Blind Nora makes a scant appearance, but the rendering of her physical traits and behavior exemplifies how Barry gives his characters the full attention they are due, no matter their role; in a few flashing lines, the individual is before us, living and breathing, drinking and scuffling. Barry isn’t afraid to linger, the omniscient first-person providing the advantages of third, and lures us closer, until we fall enamored. For nearly all of the main characters, moments of violence are offset by moments of tenderness. Early on in the novel, shortly upon meeting the appropriately named Wolfie and his cohort Fucker Burke, the two minions of Harnett carry out a gruesome back alley hit: “Wolfie meantime worked his stormtroopers repeatedly about the man’s face in neat precise stomps—happy in his work, the boy—so it would be a while anyways before this meat had a name put to it.”

Our impression of Wolfie, however, expands as Barry shows us the orphaned teenager in softer exchanges, particularly those that concern his affection for Jenni. Following an errand to a whorehouse, Wolfie asks Ed Lenihan, “the oldest hoormaster in creation,” about his having a baby with Jenni Ching, and if such an offspring might turn out alright. It’s a touching, fatherly moment, one of the most poignant in the book. As the scene serves to round out Wolfie’s lethal side, it also highlights the absence of connection in the boys’ relationship to their godfather Harnett, who for all his weariness remains removed and hardened from his decades-long grasp of power.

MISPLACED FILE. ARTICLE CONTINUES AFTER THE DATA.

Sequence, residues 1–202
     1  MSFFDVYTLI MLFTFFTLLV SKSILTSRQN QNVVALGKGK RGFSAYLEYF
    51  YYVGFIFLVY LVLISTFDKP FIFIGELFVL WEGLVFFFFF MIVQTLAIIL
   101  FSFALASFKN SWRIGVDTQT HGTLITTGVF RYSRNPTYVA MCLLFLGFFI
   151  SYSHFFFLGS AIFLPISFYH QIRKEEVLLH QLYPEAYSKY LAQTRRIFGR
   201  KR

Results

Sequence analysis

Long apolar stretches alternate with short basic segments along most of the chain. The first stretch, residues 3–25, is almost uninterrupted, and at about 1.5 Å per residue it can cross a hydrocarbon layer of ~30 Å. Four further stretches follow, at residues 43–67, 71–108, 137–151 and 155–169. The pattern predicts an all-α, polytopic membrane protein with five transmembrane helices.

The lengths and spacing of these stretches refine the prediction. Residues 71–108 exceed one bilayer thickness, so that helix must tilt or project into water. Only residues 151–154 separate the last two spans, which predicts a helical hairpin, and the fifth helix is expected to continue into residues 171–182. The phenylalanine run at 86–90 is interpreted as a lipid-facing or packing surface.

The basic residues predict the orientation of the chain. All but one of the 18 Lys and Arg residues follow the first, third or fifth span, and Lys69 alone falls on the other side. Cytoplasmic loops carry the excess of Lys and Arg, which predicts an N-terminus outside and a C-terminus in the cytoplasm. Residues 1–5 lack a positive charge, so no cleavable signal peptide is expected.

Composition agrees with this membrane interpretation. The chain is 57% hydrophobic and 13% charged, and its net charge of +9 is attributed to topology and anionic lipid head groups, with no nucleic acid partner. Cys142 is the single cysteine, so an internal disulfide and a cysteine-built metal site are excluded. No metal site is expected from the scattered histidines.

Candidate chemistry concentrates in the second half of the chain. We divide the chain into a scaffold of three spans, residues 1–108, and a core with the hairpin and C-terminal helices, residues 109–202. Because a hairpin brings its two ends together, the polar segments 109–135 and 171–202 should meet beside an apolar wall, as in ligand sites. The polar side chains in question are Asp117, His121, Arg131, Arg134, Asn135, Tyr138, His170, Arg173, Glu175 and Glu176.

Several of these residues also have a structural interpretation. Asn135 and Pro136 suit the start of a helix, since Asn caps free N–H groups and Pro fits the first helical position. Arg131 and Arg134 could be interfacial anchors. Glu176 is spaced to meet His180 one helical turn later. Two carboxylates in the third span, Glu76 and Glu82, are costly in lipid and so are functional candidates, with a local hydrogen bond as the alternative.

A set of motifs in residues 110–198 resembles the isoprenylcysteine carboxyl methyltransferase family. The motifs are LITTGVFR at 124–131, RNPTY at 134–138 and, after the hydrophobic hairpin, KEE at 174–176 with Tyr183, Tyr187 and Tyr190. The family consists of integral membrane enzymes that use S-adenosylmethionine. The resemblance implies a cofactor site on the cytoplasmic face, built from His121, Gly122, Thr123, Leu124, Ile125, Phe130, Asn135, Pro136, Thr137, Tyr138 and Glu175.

While a cursory encounter with City of Bohane may give the impression that it is an overtly masculine book, in the vein of Cormac McCarthy or Irvine Welsh, nothing could be further from the truth. The real mastermind behind Harnett’s control of the city is his eighty-nine-year old mother, Girly, who spends her days holed up in a hotel, a Miss Havisham-turned-underworld madam. Logan’s wife, Macu, charts her own course away from Harnett. And the book’s final turn rests on Jenni Ching and the real possibility of the Fancy gang morphing into a female-dominated force, evocative of Neal Stephenson’s speculative classic The Diamond Age and its preoccupation with rising girl power.

It’s worth noting that Barry sets his novel in 2053. Its bleakness certainly qualifies as dystopic. But his story is not cluttered with the usual speculations on technology, or what happened to Bohane during the “lost-time.” He merely provides enough strange details to make us believe this future world where people have a nostalgic fondness for old Hollywood films, don a variety of steelcap boots, employ skewed spelling, and get high in dream-salons—an Ireland where calypso music is all the rage. “He walked along the docks and breathed in the sweet badness of the river,” Barry writes of Harnett in the beginning. “Sweet badness,” the perfect phrase for souls who tumble and feud towards the final showdown, dragging our hearts along with them.

Vanessa Blakeslee is the author of the debut novel, Juventud (Curbside Splendor, 2015), hailed by Publisher's Weekly as a "tale of self-discovery and intense first love." Her story collection, Train Shots (Burrow Press) won the 2014 IPPY Gold Medal in Short Fiction and has been optioned for feature film. She has also been awarded grants and fellowships from Yaddo, the Virginia Center for the Creative Arts, The Banff Centre, Ledig House, the Ragdale Foundation, and the Florida Division of Cultural Affairs.